Men’s entitlement and sense of ownership of women is a frequent factor in domestic violence and abuse too. In the case of intimate partner femicide, we found that 43% of women killed by a current or former partner were known to have taken or be taking steps to separate.  Of those, over a third were killed in the first month post separation and 73% within the first year.

Failure to identify misogyny as a red flag means this was not looked at as a concern when Davison’s gun licence was renewed. The Femicide Census shows that we’ve been here before. In 2012 Michael Atherton shot dead 3 women (his partner, her sister and her niece/her sister’s daughter) and injured a fourth, in Sunderland before killing himself. Atherton had a history of violence against women and had made threats but after confiscation his licensed guns were returned to him with only a promise to behave. At the 2013 Inquest the Coroner made specific requests to the Home Office to review the gun licensing laws in order to prevent future killings. But yet again it appears no lessons were implemented to stop history repeating itself with devastating consequences.

We learned this week that 23-year-old Daniela Espirito Santo, from Grantham, was failed by the State.  She called the police about her violence partner’s assaults on her seven times in the year before her death. One the day that she died, on 8 April 2020, she had called the police in the morning and reported that Julio Jesus had thrown her on the bed and grabbed her neck. Within hours of his arrest he was released on bail and immediately broke the bail conditions that said he should not return to her home, attacking her again within two hours. He had left before she was able to call the police again and was found dead when they finally arrived at her home. A consultant cardiologist argued that stress or an argument could have contributed to the heart failure caused by Daniela’s pre-existing heart problem, so a charge of manslaughter made against him was dropped and he served only 10 months in jail for two counts of assault.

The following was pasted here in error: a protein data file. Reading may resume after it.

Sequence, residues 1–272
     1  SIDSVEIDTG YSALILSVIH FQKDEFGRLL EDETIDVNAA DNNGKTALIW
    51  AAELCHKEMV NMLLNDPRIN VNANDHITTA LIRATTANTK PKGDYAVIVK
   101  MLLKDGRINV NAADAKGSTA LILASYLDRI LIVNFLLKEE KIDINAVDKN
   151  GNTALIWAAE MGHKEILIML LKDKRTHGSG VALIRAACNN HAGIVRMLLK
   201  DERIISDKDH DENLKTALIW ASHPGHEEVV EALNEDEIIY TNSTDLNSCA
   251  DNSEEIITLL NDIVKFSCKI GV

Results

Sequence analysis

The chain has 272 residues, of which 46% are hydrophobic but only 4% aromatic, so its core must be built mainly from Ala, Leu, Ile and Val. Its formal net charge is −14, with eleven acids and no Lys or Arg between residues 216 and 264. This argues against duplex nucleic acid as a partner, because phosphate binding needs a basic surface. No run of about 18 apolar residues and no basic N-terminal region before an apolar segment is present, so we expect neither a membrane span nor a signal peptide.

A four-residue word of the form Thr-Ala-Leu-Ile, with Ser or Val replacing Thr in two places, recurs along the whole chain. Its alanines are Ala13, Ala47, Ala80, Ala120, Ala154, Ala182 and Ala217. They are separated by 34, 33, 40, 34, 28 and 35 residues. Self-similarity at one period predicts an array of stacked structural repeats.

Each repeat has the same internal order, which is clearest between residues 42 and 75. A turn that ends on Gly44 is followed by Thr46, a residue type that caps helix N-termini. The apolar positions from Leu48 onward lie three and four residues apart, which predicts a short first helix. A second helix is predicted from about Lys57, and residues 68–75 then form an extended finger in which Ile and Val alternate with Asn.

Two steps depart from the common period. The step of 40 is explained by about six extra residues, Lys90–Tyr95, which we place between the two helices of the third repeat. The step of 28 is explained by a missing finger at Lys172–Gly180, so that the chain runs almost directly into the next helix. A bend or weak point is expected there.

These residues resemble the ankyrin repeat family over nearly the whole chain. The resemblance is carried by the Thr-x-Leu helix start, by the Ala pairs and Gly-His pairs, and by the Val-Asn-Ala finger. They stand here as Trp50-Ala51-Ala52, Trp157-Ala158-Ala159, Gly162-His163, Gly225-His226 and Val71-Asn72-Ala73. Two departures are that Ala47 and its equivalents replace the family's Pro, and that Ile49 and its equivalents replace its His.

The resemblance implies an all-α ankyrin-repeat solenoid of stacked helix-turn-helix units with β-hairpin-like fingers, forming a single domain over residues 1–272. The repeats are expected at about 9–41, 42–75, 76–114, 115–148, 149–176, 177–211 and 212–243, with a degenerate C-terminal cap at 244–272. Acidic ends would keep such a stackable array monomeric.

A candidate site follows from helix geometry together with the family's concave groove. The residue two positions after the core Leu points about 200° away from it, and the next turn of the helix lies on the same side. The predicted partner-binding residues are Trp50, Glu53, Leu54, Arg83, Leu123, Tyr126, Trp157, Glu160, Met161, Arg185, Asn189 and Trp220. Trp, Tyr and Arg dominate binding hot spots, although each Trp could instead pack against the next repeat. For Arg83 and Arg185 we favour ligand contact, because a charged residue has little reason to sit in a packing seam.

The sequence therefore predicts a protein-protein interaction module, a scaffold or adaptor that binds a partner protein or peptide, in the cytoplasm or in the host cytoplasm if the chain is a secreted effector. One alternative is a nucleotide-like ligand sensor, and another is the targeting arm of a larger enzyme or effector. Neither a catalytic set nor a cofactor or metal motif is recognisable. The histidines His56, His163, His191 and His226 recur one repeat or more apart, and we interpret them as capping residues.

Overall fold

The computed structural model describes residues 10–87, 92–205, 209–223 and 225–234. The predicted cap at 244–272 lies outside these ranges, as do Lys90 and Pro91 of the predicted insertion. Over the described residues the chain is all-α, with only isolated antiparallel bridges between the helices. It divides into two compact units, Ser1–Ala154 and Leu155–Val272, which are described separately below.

The State must recognise that femicide and its causes are not identical to those of homicide. We know there are overlaps but unless we believe women who tell the State that men are a danger to them, unless we ask why men who ‘need help’ turn that need into violence against women, unless we are willing to look at male entitlement to women, men’s sense that access to women’s bodies is their right, men’s belief that it is them and not women who decide when a relationship starts and when it ends, then attempts to reduce men’s violence against women are doomed to fail.


[1] Rachel Condry and Caroline Miles (2019) ‘Exploring parricide in England and Wales’, paper presented to the ECDV, Oslo